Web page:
Zama (2017)

In Lucrecia Martel’s hallucinatory, dreamlike, absurdist Zama, Spanish colonialists take on South America and lose.

Corazón de la Oscuridad

by Alexa Dalby


CAUTION: Here be spoilers

As the film starts, an escaping prisoner gnomically describes how fish out of water, rejected by the sea, struggle to remain stranded on the shore. His captors are blind to the allusion to themselves.

Daniel Giménez Cacho is Don Diego de Zama, a functionary in a remote colonial posting in the eighteenth century, permanently awaiting a transfer that never comes back to the capital. Everything about the Spanish colonisers is unsuited to their environment – as in Aguirre, the Wrath of God, their unsuitable European clothes are unbearable in the sweltering heat, as are their ill-fitting periwigs, yet they persist in wearing them – and they are trying to impose equally unsuitable strictures on a continent and a people whose magical reality eludes them. Meanwhile, unremarked, all around them naked indigenous peoples get on with their lives and black slaves are treated as part of the furniture.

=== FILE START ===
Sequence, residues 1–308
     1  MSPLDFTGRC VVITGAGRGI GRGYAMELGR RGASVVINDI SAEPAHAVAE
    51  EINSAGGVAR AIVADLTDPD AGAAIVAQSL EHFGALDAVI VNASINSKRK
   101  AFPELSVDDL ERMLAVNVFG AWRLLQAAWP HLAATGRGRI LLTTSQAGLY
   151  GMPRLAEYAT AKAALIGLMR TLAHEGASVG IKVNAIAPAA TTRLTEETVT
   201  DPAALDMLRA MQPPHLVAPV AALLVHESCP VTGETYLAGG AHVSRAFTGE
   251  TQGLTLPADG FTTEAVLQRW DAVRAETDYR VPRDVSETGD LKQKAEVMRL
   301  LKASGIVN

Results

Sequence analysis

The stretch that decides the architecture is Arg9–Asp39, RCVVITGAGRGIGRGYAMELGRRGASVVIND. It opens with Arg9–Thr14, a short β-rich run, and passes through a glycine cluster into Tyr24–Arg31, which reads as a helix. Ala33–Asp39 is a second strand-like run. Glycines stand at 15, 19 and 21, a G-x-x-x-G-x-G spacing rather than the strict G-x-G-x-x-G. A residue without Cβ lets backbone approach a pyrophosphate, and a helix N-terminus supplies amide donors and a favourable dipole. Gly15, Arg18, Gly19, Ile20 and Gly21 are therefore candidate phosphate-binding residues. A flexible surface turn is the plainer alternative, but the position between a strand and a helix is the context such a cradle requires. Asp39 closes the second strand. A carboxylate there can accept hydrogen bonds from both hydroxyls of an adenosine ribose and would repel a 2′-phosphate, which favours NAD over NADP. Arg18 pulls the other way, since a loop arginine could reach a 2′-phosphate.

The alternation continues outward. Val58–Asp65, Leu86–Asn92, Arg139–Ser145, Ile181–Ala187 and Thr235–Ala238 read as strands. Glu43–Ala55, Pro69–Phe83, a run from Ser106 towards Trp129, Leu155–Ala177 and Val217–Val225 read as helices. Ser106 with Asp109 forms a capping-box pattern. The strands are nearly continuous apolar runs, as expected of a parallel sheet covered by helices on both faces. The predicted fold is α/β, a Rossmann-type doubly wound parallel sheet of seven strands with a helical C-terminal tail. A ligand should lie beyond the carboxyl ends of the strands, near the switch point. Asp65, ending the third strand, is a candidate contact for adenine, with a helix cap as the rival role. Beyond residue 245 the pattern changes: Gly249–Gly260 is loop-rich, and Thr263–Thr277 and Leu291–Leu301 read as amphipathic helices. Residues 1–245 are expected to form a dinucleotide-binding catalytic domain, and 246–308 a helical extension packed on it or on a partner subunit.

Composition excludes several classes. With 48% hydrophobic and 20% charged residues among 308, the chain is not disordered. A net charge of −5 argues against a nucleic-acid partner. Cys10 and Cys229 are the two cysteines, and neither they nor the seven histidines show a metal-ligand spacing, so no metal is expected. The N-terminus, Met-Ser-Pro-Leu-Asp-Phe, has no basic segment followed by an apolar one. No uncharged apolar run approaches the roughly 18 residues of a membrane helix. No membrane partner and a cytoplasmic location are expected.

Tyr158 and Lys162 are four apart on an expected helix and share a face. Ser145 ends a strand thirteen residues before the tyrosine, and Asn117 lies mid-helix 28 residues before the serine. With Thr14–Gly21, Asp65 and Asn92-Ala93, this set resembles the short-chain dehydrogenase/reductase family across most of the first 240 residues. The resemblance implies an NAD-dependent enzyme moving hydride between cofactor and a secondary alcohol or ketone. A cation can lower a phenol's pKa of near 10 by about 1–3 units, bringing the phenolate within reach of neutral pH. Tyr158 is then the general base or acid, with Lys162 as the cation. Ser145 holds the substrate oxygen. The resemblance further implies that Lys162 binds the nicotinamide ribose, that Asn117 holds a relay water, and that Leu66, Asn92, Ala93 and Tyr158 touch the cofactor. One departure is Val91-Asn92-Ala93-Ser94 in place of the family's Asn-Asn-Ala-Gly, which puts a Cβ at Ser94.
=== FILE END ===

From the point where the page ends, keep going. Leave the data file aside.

Zama is lonely and displaced and his rationale for being there at all is slowly crumbling as the years pass. He writes to his wife, has a child with an indigenous woman, flirts with a colleague’s wife (Lola Dueñas), and a fight with his assistant leads to the assistant getting the longed-for transfer instead of him. Successive governors are indifferent to his plight and a well-placed llama undercuts his pleas. A continuing thread is the threat posed by a legendary criminal Vicuña Porto, who may or may not really exist and eventually Zama joins a posse to track him down, which leads to strange, unreal experiences in wild places.

Based on Antonio Di Benedetto’s novel and shot in Paraguay, the film is a wonderfully mystical, elliptical satire on the failed pretensions of colonialism with none so blind as the colonialists themselves who can’t see that they are the fish in the metaphor.

Zama has screened at numerous festivals including the 61st BFI London Film Festival and is released on 25 May 2018 in the UK.

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